Jasper Fforde reminds me of a Douglas Adams who came from a happier home. (I have no idea what Adams' home life was like, but for the sake of analogy, humour me.) His humour is less biting, but just as madcap, his characters are kinder, and easier to like, but the surreality is, I think, just as strong, and listen to this nice bit of language on pianos: "Composed of 550lbs of iron, wood, strings, and felt, the 88-key instrument is capable of the most subtle of melodies, yet stored up in the te ...more
Lisa Vegan
I was really scared to read this one because so many readers seem to dislike it, even those people who enjoyed the first four books in the series, and I didn’t want to feel disappointed. I’m not sure why so many readers don’t like this one. I was into it right from the start.

So what if this book isn’t plot heavy (but there is a story/plot!) – I love hanging out in this alternative world with Thursday and the other characters – I especially enjoyed the parts about the kids.

Fforde is unbelievably
Probably my least favorite of the Thursday Next series so far. It seemed less coherent and more bogged down with explanation than the rest. While there were a few exciting parts near the end, I did not enjoy it as much as The Eyre Affair and others in the series.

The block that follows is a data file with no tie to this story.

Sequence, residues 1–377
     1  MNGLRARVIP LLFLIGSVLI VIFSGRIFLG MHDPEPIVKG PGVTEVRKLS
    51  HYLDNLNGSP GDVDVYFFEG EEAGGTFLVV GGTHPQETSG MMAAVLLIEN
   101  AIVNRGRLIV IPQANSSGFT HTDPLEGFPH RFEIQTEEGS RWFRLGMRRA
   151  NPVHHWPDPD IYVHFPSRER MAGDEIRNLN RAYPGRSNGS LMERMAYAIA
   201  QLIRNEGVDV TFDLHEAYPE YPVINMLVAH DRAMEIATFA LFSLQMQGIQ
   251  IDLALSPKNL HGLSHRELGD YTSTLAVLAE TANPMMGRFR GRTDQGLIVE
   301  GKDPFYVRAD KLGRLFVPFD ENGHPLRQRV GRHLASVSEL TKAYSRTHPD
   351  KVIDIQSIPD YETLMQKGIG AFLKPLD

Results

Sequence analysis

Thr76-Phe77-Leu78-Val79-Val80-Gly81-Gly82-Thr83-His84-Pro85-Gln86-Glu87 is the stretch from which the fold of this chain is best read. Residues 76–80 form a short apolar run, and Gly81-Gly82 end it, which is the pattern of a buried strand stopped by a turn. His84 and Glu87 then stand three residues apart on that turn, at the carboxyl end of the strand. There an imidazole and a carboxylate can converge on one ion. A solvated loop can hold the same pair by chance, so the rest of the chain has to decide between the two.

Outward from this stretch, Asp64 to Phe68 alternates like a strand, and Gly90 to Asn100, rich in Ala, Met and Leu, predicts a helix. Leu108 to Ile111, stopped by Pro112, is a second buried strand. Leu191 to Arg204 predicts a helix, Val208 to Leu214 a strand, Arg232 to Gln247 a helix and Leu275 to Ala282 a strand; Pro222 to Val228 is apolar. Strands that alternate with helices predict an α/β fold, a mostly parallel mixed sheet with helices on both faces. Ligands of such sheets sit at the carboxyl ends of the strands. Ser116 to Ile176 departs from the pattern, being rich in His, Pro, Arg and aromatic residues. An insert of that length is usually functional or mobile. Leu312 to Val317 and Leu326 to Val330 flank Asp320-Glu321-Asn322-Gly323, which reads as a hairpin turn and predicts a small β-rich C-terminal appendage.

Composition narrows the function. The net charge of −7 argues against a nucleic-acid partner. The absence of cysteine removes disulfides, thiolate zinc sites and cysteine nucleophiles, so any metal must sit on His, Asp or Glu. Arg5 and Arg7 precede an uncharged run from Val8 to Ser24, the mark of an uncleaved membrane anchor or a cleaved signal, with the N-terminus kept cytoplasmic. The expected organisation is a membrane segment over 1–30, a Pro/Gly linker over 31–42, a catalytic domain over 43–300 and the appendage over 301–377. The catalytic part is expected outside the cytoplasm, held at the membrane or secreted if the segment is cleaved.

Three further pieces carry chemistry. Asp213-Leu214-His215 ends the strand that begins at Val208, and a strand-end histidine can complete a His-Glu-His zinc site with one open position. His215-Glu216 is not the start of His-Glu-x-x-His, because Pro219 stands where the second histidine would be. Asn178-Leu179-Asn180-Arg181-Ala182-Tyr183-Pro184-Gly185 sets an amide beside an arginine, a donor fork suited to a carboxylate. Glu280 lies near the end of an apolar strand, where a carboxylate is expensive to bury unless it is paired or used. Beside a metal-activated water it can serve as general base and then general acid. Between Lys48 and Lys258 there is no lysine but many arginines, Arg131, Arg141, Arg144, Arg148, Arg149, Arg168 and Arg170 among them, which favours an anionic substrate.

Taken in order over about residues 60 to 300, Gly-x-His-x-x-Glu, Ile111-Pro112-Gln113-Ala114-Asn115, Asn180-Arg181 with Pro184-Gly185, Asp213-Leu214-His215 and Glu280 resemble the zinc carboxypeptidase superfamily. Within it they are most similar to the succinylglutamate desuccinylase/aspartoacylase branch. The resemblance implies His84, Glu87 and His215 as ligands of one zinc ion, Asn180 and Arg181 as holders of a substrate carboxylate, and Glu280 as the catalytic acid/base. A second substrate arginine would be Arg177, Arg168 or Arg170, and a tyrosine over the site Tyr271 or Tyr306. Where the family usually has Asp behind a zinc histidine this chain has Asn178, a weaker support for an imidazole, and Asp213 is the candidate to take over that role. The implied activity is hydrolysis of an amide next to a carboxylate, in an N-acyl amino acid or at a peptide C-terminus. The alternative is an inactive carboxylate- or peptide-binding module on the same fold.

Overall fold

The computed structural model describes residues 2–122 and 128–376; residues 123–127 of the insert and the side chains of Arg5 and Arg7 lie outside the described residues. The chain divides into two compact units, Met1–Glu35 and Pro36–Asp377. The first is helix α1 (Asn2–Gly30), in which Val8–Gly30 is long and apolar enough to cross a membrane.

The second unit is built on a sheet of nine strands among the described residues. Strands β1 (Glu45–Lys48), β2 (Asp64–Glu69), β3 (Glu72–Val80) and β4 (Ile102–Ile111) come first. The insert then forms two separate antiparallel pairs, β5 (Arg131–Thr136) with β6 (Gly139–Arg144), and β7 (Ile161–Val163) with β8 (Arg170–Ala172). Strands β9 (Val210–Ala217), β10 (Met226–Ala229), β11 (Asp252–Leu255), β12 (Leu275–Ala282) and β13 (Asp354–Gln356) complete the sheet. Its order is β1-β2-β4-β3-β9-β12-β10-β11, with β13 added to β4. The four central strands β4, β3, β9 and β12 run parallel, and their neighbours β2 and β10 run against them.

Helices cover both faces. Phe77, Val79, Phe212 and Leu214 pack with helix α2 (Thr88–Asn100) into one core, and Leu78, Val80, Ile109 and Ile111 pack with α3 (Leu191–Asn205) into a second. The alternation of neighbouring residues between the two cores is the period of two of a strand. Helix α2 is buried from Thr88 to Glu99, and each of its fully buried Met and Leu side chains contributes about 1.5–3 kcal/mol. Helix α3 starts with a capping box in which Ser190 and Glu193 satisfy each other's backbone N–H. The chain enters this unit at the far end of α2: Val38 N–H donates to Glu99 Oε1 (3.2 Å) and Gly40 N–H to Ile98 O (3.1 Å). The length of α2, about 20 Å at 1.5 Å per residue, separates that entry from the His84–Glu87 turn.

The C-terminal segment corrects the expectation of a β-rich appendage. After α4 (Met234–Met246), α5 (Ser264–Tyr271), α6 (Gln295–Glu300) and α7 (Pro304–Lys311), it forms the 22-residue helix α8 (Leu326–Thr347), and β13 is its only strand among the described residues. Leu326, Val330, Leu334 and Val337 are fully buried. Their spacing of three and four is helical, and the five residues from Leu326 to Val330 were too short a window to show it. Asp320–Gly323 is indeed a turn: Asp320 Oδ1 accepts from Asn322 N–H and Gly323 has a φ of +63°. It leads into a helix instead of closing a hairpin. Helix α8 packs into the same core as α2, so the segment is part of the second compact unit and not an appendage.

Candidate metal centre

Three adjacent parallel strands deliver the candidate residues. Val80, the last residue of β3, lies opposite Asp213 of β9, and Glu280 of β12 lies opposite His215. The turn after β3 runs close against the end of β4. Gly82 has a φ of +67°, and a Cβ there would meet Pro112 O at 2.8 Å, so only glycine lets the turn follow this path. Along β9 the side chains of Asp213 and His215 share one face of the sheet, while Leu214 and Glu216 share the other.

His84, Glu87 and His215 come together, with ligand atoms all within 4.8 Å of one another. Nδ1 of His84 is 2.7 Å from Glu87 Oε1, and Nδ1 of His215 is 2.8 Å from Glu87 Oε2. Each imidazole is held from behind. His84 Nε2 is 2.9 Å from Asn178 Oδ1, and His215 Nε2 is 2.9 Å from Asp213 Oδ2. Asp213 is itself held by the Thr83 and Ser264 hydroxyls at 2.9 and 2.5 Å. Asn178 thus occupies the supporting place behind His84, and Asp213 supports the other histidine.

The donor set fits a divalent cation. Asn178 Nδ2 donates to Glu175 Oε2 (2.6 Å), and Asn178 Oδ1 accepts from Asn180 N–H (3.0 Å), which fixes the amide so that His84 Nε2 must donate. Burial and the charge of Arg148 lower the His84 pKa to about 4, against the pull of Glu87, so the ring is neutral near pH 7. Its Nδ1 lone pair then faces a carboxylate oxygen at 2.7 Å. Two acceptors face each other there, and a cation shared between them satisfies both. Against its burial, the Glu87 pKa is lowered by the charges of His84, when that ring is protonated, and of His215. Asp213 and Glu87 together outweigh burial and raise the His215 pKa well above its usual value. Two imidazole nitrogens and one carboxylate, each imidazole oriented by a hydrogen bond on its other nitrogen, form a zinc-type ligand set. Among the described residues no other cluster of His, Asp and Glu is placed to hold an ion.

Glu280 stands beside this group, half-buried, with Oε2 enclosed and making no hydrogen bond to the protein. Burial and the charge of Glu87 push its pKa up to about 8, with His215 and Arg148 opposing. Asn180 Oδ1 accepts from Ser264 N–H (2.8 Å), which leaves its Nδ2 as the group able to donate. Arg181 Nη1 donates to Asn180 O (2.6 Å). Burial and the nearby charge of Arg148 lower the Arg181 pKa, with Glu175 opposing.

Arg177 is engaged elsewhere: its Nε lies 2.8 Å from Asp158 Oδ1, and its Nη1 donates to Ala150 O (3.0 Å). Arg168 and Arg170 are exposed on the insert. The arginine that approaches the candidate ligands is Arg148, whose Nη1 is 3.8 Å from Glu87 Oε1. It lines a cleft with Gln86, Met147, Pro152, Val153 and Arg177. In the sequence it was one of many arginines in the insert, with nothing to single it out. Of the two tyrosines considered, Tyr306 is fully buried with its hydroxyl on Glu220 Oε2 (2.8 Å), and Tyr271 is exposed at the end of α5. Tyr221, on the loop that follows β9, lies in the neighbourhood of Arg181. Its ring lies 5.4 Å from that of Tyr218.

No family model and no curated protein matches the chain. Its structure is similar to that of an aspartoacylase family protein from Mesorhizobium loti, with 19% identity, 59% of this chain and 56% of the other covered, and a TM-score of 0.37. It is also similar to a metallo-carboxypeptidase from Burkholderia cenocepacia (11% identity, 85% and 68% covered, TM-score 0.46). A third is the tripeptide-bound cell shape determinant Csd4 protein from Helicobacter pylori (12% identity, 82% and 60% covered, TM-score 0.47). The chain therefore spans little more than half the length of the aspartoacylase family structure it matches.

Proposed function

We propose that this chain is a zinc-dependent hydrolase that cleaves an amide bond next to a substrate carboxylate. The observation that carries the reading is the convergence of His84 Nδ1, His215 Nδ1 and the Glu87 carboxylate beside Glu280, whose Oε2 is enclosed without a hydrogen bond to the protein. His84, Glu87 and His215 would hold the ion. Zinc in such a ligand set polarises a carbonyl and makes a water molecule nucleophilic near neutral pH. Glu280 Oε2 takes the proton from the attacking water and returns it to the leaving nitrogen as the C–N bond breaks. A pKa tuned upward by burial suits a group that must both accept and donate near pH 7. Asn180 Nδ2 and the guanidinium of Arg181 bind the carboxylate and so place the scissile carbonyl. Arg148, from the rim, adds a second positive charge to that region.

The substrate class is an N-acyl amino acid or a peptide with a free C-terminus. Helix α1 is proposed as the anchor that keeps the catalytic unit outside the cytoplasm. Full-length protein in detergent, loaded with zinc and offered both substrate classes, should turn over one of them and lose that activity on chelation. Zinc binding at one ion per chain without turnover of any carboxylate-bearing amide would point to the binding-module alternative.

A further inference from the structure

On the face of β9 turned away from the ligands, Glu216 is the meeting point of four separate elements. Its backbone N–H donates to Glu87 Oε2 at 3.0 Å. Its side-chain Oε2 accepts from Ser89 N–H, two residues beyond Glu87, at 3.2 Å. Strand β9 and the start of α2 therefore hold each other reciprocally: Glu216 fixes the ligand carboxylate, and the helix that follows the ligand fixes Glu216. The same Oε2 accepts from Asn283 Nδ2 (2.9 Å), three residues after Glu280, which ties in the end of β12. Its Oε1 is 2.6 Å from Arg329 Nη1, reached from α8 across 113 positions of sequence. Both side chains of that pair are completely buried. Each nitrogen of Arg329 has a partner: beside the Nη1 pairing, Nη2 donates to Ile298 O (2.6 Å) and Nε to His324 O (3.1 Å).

If I have ever read a more raucous and joyful ode to reading than Jasper Fforde's Thursday Next series, then I have long forgotten it. Set in a fantastical alternate Britain, the series heroine is the titular Next who is a member of the Literary Detectives, a government organization that combats book crime, such as, say, the unlawful editing of books. How can such events occur? Well as it happens, what is written in books exists in it own dimension and if you were to enter that dimension, you co ...more
I have loved this quirky series, but in all honesty, I think this book had too many subplots and not enough plot to sustain the interest of anyone but a fan. Some great satire, though--I loved the reality TV shows made out of books.
Rachel C.
May 19, 2008 Rachel C. rated it 4 of 5 stars  ·  review of another edition
Recommends it for: Karen, David, other Fforde fans out there
Maybe it's because I haven't seen Thursday Next in a long time, but I really enjoyed this book!